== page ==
before the Texas Select Committee on State and Federal Power and Responsibility
in opposition to HJR 77
Calling for an Article V Convention
March 12, 2015
I am the Founder and President of the
Constitution Society, website at //constitution.org.
I urge the Texas Legislature not to adopt HJR 77, or similar
proposals, to call for a convention under the terms of Article V of
the Constitution for the United States. I share most of the concerns
of its proponents. They hope an Article V convention might bring a
solution to these problems. It will not, and it presents a real
danger of making the situation much worse.
It doesn't work to demand a remedy without providing the exact language of that remedy. Lawyers learn, perhaps the hard way, that filing a petition with a court and arguing for relief can lead to disaster, even if the judge decides in one's favor, if one doesn't draft the order for the judge to sign. If the judge drafts it, or even worse, accepts the wording provided by your opposition, you may get a "win" that is really a loss.
The repeated mistake of reformers is not to demand the exact language of the reform instrument. A vague demand to others to "do something" for you will get those others to do something to you.
What if a constitutional convention is held and it is our adversaries that control it, and perhaps control enough of the state legislatures as well? Be careful what you ask for. The proponents won't be among those who go to the convention.
See the attached Draft Amendments to U.S. Constitution. The best approach is not to first call for a constitutional convention, but to get task groups, perhaps including state legislators, to develop carefully designed proposals and then get many states to propose to Congress the exact identical language of these proposals from each state, then demand that Congress adopt them and send them to the states for ratification. This process would not run the risks of a constitutional convention, which could completely replace the Constitution with one that would not protect our rights, and then provide for ratification of it by a process other than that prescribed by Article V.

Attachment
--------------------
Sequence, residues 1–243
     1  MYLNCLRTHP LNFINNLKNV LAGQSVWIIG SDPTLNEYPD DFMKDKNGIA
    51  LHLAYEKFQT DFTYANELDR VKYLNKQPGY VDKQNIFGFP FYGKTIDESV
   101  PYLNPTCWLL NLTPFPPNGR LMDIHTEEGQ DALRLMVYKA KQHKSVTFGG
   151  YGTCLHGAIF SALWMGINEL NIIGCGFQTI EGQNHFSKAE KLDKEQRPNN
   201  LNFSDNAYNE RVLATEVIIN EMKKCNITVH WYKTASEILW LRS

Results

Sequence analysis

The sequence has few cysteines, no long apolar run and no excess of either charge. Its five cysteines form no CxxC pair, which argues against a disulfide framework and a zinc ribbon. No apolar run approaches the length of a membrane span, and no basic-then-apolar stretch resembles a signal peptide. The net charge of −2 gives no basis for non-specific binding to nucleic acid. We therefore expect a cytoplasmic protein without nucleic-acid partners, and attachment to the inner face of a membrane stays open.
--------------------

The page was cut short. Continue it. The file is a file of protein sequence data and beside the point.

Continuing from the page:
The attached proposals are designed to focus and specify our demands for reform by putting each into specific language. The “clarifying amendments” would mainly overturn court precedents misinterpreting about 80 ambiguous terms in the Constitution. They could be effective in bringing reform even if not actually be adopted as amendments. They could pressure changes in practice by legislators, judges, and executive officials.
However we approach reform, if we want the Constitution interpreted differently than it is now being interpreted by judges and other officials, we have to unite in stating the exact language of how we do want it interpreted, and build a movement that can overcome resistance by Congress and other “reliance interests”. A one-shot Convention won't do that, and it would certainly not be able to actually draft competent amendments during the Convention. There are fewer than 200 persons in this country with the knowledge and skill to do that, and none of them will be delegates.
I urge this Committee to substitute
language in the attached proposals for that of HJR 77, and resolve
that Congress adopt them and send them back to the states for